But Doremus was not being pastoral. He was being anxious and scientific. While the others jeered, "When does Dad take his audition?" and "What's he learning to be—a crooner or a hockey-announcer?" Doremus was adjusting the doubtful portable radio. Once he thought he was going to be with them in the Home Sweet Home atmosphere, for he tuned in on a program of old songs, and all of them, including Cousin Henry Veeder, who had a hidden passion for fiddlers and barn dances and parlor organs, hummed "Gaily the Troubadour" and "Maid of Athens" and "Darling Nelly Gray." But when the announcer informed them that these ditties were being sponsored by Toily Oily, the Natural Home Cathartic, and that they were being rendered by a sextette of young males horribly called "The Smoothies," Doremus abruptly shut them off.
"Why, what's the matter, Dad?" cried Sissy.
"'Smoothies'! God! This country deserves what it's going to get!" snapped Doremus. "Maybe we need a Buzz Windrip!"
The moment, then—it should have been announced by cathedral chimes—of the weekly address of Bishop Paul Peter Prang.
Coming from an airless closet, smelling of sacerdotal woolen union suits, in Persepolis, Indiana, it leapt to the farthest stars; it circled the world at 186,000 miles a second—a million miles while you stopped to scratch. It crashed into the cabin of a whaler on a dark polar sea; into an office, paneled with linen-fold oak looted from a Nottinghamshire castle, on the sixty-seventh story of a building on Wall Street; into the foreign office in Tokio; into the rocky hollow below the shining birches upon Mount Terror, in Vermont.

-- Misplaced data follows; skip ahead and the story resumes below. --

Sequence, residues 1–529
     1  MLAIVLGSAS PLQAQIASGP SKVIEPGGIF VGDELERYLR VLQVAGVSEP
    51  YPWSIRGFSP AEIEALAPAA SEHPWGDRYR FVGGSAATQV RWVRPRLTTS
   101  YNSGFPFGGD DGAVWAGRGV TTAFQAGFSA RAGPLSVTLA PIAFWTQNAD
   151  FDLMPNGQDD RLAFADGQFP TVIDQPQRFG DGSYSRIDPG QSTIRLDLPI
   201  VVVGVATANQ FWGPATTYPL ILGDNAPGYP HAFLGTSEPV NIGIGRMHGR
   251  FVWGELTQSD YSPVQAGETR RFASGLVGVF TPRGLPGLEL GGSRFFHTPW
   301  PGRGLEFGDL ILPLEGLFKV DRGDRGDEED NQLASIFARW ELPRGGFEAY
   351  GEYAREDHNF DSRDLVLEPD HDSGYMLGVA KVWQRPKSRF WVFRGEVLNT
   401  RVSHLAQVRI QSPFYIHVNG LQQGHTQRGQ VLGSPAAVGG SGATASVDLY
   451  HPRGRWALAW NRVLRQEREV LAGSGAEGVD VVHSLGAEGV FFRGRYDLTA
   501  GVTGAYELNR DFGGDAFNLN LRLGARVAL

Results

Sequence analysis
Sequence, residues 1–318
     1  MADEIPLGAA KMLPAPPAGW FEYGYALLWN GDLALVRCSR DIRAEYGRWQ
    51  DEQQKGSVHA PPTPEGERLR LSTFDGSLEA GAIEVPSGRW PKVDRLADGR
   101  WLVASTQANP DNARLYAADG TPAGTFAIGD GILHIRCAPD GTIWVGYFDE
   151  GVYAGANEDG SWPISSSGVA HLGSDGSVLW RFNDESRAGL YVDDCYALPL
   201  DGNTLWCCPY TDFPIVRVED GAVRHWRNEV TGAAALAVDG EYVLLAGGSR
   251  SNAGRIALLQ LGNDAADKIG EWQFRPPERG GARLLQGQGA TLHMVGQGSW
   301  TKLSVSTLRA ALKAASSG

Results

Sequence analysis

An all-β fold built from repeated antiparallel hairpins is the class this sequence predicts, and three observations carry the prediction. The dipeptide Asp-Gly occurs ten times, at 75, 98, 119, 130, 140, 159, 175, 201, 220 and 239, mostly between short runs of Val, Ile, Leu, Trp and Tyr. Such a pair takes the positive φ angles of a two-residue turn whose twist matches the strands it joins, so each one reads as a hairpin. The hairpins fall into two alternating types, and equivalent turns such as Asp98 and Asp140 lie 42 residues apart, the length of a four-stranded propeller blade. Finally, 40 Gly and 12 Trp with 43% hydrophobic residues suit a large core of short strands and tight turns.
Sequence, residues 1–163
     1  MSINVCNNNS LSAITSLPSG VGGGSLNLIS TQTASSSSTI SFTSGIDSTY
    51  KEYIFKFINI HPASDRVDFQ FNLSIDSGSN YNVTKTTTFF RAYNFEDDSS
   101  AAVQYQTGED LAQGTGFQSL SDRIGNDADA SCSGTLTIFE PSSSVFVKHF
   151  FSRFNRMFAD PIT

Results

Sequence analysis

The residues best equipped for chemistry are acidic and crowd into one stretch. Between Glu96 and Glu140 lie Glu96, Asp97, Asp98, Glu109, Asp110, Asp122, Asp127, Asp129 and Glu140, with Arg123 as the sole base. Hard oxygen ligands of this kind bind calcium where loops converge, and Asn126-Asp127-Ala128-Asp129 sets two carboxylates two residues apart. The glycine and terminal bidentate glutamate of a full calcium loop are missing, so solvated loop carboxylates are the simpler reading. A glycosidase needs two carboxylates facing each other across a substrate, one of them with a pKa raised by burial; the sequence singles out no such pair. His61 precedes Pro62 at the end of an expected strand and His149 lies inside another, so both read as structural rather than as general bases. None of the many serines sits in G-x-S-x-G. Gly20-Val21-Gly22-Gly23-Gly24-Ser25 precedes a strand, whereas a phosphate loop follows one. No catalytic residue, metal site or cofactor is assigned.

Bishop Prang spoke, as he usually did, with a grave kindliness, a virile resonance, which made his self, magically coming to them on the unseen aerial pathway, at once dominating and touched with charm; and whatever his purposes might be, his words were on the side of the Angels: